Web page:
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  #11  
Old 01-22-2023, 01:21 PM
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jrtens jrtens is offline
 
Join Date: Apr 2018
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See the Rotax 912iS Heavy MM, chapter 24-20-00 which you can download from rotax-owner.com.
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  #12  
Old 01-22-2023, 01:48 PM
thiggins thiggins is offline
 
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Location: Saluda,NC
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https://www.rotax-owner.com/manuals/..._R3.pdf#page51
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  #13  
Old 01-22-2023, 06:22 PM
subpar_bucker subpar_bucker is offline
 
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Location: Cranberry Twp, PA
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Thanks all!
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  #14  
Old 01-23-2023, 06:47 AM
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BobbyLucas BobbyLucas is offline
 
Join Date: Oct 2019
Location: Belleville, MI
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Question

I'm curious... Since generators can operate in 'reverse,' acting as motors and therefore as generator-starters, why does the engine have a conventional starter motor?
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  #15  
Old 01-23-2023, 07:27 AM
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Piper J3 Piper J3 is offline
 
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Location: Hinckley, Ohio
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Rotax has alternator built into field-windings on back of engine case. Not the same as Tesla. My Prius however, doesn't have starter motor. Main drive motor (dynamic brake) back-drives the Internal Combustion Engine (ICE) to start it. ICE starts / stops dozens of times when driving....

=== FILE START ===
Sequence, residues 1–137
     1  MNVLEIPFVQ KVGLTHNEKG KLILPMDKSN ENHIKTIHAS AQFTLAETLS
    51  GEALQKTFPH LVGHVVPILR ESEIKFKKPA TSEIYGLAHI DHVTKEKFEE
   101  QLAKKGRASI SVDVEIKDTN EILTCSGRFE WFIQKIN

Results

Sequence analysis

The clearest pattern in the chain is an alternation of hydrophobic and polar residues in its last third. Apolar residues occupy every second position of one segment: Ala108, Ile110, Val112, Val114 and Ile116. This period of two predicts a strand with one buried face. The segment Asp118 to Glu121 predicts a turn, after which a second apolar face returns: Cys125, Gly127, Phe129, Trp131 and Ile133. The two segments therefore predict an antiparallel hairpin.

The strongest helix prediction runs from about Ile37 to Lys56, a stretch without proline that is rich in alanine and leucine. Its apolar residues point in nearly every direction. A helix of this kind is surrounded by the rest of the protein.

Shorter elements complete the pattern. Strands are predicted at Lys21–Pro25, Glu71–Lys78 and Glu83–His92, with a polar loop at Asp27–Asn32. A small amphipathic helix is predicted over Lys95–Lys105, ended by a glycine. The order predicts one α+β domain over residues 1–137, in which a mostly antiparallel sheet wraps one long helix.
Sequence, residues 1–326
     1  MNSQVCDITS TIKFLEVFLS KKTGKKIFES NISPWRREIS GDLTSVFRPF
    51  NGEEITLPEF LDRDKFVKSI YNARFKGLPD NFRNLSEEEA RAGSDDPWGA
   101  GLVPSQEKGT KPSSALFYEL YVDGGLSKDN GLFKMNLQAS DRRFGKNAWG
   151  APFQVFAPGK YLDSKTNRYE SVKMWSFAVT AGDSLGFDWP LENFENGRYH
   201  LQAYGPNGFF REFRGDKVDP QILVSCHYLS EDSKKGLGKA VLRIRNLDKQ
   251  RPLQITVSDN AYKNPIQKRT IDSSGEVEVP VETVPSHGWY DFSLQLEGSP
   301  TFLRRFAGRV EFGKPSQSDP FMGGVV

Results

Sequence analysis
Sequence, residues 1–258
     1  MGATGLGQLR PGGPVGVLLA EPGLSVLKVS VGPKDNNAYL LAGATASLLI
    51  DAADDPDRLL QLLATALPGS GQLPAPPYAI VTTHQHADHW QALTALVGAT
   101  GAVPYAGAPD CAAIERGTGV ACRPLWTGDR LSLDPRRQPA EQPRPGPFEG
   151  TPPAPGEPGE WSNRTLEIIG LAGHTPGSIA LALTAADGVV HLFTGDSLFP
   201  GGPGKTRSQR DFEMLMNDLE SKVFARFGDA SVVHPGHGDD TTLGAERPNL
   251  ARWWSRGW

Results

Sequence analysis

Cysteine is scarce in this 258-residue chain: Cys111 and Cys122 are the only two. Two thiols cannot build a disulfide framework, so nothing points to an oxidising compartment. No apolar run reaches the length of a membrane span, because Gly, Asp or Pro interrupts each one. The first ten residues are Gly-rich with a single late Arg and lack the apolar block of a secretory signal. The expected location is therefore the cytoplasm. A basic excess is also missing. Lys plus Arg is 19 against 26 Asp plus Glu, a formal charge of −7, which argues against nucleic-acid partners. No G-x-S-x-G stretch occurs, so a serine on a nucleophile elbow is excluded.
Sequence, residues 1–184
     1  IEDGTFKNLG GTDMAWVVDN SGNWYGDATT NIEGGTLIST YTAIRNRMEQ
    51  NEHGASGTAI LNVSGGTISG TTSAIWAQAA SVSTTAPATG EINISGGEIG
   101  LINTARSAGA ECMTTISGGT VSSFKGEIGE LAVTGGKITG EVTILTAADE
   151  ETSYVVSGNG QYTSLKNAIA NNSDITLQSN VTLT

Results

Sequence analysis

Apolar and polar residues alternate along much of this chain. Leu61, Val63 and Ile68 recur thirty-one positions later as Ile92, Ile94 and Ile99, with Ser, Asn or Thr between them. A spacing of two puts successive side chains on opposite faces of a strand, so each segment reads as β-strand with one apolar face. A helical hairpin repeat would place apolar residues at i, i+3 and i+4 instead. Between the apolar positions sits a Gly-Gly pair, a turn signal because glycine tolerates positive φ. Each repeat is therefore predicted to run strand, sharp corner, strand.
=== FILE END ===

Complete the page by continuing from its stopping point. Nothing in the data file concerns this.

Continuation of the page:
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PPL/ASEL 1970 - Sport Pilot since 2007
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  #16  
Old 01-23-2023, 09:30 AM
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BobbyLucas BobbyLucas is offline
 
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So Lockwood just told me that they are dynamos feeding AC into combined rectifier/voltage regulators. But when I google dynamo it says they produce DC, not AC.

The article below says magnetos (AC), dynamos (DC), and alternators (AC) are all types of generators. If our engines are producing AC, then the conclusion is that they must use either magnetos or alternators. Lockwood said there are no commutators, which would mean they must be magnetos... My suspicion is that they are dynamos feeding DC to the rectifier-regulators, and the Lockwood tech just got that detail wrong. If that's the case, then why use a rectifier at all? To protect against reverse polarity?

https://www.linkedin.com/pulse/diffe...e_article_view

(Sorry if this is thread hijacking, but I hope it's pertinent)
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  #17  
Old 01-23-2023, 09:57 AM
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rcarsey rcarsey is offline
 
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Location: North Brunswick, NJ
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Quote:
Originally Posted by subpar_bucker View Post
I have a dumb question prompted by a question I was asked by a friend: the 912iS engine's electrical system is powered by 2 generators correct? It sounds like it is possible to install external alternators if desired based upon this video: